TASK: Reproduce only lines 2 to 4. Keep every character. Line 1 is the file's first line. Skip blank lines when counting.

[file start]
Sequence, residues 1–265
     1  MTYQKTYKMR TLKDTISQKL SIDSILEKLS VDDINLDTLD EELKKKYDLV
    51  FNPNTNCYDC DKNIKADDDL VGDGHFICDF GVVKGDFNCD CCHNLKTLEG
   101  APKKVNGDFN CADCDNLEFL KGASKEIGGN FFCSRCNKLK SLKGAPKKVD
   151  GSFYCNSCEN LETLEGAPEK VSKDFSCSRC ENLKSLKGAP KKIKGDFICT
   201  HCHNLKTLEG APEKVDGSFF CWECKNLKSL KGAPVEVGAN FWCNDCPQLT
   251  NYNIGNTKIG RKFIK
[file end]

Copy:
     1  MTYQKTYKMR TLKDTISQKL SIDSILEKLS VDDINLDTLD EELKKKYDLV
    51  FNPNTNCYDC DKNIKADDDL VGDGHFICDF GVVKGDFNCD CCHNLKTLEG
   101  APKKVNGDFN CADCDNLEFL KGASKEIGGN FFCSRCNKLK SLKGAPKKVD